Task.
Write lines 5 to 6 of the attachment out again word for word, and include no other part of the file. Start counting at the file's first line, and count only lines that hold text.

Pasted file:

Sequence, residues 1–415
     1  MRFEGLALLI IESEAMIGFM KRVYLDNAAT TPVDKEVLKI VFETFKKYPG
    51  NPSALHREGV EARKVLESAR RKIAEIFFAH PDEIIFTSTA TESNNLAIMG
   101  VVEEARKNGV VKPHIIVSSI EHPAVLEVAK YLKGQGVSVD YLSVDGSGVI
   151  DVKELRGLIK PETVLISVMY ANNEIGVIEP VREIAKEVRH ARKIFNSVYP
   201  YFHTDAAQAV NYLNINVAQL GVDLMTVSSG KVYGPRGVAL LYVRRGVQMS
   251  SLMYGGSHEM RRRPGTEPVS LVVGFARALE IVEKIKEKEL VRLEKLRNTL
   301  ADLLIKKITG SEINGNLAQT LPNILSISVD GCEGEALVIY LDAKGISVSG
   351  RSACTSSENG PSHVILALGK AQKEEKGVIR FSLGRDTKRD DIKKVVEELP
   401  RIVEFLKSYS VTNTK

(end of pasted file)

   151  DVKELRGLIK PETVLISVMY ANNEIGVIEP VREIAKEVRH ARKIFNSVYP
   201  YFHTDAAQAV NYLNINVAQL GVDLMTVSSG KVYGPRGVAL LYVRRGVQMS